Millions of years ago, the microbes in river bottoms disappeared into the earth, buried by successive layers of sediment. Over hundreds of millions of years, these microbes—syntrophic bacteria and methanogenic Archaea—evolved to thrive in this underworld, slowly consuming the rich hydrocarbons that surrounded them in the form of oil. As a result, a large amount of the planet's petroleum stash has been ruined, becoming instead a "hot spot" for deep microbial life that consumes it and taints the rest with sulfur and other byproducts. Over time, however, these microbes finish their feast, leaving behind oil transmuted into methane—another, cleaner fossil fuel. Now researchers think they may have figured out how this process works and how to accelerate it to create a vast new energy resource.
"You're looking at an increase equivalent to the same amount of energy as conventional oil reserves in the world today," says petroleum geologist Steve Larter of the University of Calgary in Canada, a member of the team investigating the microbial process. "It's potentially a game changer if it can be demonstrated."
Larter and his colleagues used test tubes to demonstrate exactly how the microbes, over time, convert oil into methane. The tubes, laced with nondegraded oil from the North Sea and microbes from present-day river sediment that are accustomed to living without oxygen, produced the same levels of methane and other byproducts typical of degraded or "heavy" oil in reservoirs worldwide, the researchers report in Nature.
By fermenting unrecoverable heavy oil into methane, the microbes could boost energy supplies; methane can be burned in power plants to produce electricity. "At a conventional petroleum reservoir, you get 35 percent of the oil out of the ground and 65 percent remains in the ground," says microbial ecologist Ian Head of Newcastle University in England, another team member. "The equivalent figure for gas is 70 percent and 30 percent. If we can convert oil to methane, then the recovery of energy goes up."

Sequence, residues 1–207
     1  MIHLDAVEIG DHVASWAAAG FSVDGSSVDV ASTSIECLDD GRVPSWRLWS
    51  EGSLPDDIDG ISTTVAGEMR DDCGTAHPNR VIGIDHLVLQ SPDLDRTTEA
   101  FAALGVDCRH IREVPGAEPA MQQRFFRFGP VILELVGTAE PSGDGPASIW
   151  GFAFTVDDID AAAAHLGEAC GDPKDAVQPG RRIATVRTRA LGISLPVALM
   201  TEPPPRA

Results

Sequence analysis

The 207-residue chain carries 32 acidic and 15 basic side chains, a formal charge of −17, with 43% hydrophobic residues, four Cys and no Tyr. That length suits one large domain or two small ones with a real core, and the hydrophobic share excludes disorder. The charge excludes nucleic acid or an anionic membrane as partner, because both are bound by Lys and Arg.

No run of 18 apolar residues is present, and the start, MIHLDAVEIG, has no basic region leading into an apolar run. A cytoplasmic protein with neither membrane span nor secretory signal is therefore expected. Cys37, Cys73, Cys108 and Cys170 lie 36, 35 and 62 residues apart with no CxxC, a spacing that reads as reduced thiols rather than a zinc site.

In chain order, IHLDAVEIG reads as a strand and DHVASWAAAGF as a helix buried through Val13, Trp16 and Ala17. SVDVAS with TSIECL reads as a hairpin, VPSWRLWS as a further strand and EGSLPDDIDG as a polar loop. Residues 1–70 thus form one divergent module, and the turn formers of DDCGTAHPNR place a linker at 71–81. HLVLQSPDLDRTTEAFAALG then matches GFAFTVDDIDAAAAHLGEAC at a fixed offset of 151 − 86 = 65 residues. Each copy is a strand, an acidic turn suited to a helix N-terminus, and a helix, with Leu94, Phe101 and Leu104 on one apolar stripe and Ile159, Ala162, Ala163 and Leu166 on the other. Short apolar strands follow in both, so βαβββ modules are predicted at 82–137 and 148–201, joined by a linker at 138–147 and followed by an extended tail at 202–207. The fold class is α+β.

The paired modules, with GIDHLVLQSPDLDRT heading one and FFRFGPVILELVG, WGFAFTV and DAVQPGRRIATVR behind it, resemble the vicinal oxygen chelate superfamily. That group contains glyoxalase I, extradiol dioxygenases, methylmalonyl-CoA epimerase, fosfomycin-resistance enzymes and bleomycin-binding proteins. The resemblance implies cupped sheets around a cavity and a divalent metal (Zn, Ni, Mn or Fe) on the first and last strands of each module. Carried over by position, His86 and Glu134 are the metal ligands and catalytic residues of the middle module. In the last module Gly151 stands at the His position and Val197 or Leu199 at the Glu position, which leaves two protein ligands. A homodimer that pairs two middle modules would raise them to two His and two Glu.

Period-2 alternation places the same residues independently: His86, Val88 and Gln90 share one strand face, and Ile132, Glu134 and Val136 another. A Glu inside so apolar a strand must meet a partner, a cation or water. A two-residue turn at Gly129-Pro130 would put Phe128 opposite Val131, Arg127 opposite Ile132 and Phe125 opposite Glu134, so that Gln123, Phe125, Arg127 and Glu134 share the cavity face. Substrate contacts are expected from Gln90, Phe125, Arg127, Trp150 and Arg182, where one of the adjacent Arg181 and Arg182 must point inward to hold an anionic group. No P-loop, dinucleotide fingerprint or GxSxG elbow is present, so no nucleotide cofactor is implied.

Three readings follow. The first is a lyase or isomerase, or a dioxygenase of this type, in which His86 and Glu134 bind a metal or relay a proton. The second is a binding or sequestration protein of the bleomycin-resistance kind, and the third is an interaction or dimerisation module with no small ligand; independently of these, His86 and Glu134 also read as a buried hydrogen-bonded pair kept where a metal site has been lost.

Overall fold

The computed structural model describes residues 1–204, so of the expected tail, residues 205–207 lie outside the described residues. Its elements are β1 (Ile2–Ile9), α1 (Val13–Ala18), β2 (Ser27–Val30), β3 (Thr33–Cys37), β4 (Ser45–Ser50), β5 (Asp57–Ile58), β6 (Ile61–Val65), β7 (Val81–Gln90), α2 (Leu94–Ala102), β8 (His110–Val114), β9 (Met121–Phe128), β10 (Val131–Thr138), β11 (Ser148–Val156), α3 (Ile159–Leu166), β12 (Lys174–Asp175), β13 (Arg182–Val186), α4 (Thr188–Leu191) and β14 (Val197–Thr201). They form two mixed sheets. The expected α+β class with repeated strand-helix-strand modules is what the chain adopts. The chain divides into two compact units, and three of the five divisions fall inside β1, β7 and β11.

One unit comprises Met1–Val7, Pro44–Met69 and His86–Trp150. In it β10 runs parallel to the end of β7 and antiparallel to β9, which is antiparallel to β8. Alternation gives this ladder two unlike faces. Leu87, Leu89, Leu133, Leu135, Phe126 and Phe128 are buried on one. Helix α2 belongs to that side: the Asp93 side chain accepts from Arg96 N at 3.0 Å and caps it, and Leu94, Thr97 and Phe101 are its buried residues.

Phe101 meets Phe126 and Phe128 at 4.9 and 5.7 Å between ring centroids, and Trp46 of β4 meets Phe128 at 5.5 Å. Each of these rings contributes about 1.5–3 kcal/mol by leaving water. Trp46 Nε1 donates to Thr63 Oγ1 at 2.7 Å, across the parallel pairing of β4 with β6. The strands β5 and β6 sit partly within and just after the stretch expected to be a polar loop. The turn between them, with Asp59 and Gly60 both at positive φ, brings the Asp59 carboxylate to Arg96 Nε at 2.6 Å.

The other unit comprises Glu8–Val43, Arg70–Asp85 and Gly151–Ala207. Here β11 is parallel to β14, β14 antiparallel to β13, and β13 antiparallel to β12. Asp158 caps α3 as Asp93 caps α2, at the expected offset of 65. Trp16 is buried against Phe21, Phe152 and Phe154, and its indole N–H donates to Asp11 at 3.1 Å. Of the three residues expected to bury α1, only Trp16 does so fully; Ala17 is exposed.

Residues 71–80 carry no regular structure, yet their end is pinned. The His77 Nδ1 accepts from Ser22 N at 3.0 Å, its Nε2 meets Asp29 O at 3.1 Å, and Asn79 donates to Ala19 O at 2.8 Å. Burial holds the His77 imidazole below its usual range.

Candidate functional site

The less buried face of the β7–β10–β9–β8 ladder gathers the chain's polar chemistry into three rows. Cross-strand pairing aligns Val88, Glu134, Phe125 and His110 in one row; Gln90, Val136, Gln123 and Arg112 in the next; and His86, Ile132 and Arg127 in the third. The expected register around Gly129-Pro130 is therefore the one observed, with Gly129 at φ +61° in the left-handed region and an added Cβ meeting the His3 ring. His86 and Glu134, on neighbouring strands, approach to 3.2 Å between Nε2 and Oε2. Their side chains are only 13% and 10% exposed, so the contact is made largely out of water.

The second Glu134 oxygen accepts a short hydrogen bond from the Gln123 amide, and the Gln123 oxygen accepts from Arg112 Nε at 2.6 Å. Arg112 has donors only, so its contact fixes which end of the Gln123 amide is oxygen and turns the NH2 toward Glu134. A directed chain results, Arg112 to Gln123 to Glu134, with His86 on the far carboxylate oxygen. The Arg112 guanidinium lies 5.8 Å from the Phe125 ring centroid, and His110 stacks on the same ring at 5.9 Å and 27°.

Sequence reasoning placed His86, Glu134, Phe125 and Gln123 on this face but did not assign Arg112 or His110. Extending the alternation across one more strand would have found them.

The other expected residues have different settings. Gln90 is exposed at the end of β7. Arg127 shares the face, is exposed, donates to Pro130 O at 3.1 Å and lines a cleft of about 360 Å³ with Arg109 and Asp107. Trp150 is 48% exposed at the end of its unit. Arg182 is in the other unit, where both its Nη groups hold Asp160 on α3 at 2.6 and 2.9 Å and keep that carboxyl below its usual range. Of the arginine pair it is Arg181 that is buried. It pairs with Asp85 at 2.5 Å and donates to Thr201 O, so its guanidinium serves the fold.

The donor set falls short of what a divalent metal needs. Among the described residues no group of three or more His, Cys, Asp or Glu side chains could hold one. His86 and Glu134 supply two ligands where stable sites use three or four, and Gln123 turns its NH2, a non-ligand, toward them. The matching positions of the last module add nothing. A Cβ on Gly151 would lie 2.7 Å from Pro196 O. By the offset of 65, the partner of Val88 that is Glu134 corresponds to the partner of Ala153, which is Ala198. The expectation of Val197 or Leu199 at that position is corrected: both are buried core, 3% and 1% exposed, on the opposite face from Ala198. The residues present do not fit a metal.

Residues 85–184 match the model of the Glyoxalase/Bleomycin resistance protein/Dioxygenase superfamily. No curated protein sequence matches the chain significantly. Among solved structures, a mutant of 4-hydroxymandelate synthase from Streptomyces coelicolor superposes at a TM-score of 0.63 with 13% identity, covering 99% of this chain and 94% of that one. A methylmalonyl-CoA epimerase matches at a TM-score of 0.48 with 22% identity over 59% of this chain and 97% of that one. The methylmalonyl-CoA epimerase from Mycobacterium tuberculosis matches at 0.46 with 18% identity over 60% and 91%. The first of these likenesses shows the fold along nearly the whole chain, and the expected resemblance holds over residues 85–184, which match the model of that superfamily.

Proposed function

A trillion cubic feet of methane can be generated from a billion barrels of heavy oil, Larter estimates, and the world contains at least six trillion barrels of such oil. "It will take less energy to recover," team member and Newcastle organic geochemist Martin Jones says. Plus, just knowing how the microbes operate allows the pinpointing of the better oils within a given field. "Biodegradation models are actually key for targeting the best quality oils, or sweet spots, in biodegraded oil fields," notes team member Jennifer Adams, a Calgary geologist.
Further, burning methane, itself a potent greenhouse gas, to generate electricity produces less carbon dioxide than burning oil or coal. "It's not environmentally neutral but it's certainly an improvement," Head notes.
The researchers plan to determine if this microbial conversion can be boosted in existing reservoirs by 2009 by adding nutrient-rich wastewater to them. "The microorganisms feed on the oil hydrocarbons. We just added some fertilizer, including nitrate and phosphate to enable them to grow faster," Head says. "This is a bit like giving the microbes a balanced diet."
If giving the microbes a balanced diet proves effective, then a vast new store of climate-friendlier fossil fuel might become available. But that gas will have to be recovered quickly after the microbes do their work. "Methanogenesis is still active today or was until recently," Adams notes. "Because there is very little gas found in these reservoirs, that also means that most of the generated gas leaked out of these reservoirs."